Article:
Park City School District appoints two administrative positions
The Park City School District announced two administrative appointments for the 2018-19 school year last week.
According to the district’s website, Traci Evans will serve as the interim associate superintendent for teaching and learning, effective Aug. 1. Evans, who is currently the principal of Ecker Hill Middle School, will replace Kathy Einhorn, who will retire on July 31.
Sam Salinas, the assistant principal at Ecker Hill, will replace Evans as the interim principal. The opening for a one-year assistant principal position will be posted in a few weeks.
Evans has served as principal of the school since 2010. After receiving her degrees in elementary education and human development and family studies, she taught second and fifth grades at Parley’s Park and Jeremy Ranch Elementary Schools. According to the district, she then earned English as a Second Language (ESL) and Level One Reading endorsements, as well as a master’s degree in elementary reading and literacy.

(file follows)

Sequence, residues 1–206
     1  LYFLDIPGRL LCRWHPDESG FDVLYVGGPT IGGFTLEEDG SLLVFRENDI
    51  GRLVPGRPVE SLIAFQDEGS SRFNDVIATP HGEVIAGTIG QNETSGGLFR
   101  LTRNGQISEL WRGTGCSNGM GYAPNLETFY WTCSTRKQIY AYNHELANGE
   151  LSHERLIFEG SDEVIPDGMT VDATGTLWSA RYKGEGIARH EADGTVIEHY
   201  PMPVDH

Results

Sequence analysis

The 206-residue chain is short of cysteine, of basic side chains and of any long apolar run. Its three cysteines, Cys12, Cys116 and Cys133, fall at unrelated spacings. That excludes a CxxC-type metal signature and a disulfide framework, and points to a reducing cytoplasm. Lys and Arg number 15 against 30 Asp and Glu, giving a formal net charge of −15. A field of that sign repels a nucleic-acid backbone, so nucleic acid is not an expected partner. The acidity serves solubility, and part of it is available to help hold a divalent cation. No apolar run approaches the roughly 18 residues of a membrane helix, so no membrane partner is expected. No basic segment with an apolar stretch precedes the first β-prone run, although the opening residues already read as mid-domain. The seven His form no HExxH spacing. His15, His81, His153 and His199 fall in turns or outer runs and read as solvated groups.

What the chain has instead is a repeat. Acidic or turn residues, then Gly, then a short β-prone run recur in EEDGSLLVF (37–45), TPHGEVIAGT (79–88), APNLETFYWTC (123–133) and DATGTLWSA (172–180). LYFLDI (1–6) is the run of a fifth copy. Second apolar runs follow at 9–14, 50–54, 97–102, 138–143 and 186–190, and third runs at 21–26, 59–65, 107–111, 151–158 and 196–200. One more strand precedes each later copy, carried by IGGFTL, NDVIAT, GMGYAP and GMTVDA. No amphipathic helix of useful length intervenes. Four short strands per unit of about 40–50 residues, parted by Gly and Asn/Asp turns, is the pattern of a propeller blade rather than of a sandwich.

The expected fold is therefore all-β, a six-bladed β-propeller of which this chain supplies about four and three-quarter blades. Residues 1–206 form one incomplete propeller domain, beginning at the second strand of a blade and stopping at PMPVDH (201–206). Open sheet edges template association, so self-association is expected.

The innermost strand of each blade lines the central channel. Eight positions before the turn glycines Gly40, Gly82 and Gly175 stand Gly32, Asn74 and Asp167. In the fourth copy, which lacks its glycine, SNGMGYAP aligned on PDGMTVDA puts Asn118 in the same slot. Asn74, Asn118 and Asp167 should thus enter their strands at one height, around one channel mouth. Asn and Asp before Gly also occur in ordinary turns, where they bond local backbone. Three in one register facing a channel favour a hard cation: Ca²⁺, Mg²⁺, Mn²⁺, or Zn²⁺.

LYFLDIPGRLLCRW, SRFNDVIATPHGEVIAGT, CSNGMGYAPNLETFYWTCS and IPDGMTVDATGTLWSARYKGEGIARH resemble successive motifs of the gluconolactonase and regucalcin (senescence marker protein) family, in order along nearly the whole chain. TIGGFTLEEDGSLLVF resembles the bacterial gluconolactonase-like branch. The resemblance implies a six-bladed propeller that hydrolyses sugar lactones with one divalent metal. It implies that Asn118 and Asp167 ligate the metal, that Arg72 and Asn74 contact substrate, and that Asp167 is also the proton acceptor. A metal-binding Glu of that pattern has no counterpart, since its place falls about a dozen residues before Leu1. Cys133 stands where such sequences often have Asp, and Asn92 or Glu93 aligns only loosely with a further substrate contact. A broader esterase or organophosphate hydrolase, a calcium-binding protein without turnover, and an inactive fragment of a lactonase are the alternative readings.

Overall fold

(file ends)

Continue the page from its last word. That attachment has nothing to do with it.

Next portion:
She served as assistant principal at Jeremy Ranch, where she earned her administrative/supervisory license. Under her direction, Ecker Hill was recognized as a national “School to Watch” for its work of supporting student needs.
Salinas has been at Ecker Hill since 2015. He has taught at middle schools, high schools and universities in both Mexico and the U.S. throughout his more than 25 years in education. He received his undergraduate degree from Westminster College and his first master’s degree from La Universidad Internacional de La Paz in Mexico, according to the district.
He received his second master’s degree in educational leadership and policy from the University of Utah. He has worked in secondary school and university administration for 10 years. In 2002, he became the director of La Universidad Autónoma de Baja California Sur Campus Loreto, which is part of the state university system in Baja California Sur, Mexico.
Start a dialogue, stay on topic and be civil.
If you don't follow the rules, your comment may be deleted.
The South Summit Board of Education voted 4-1 to put a bond measure on November’s ballot asking for $87 million to build a new high school.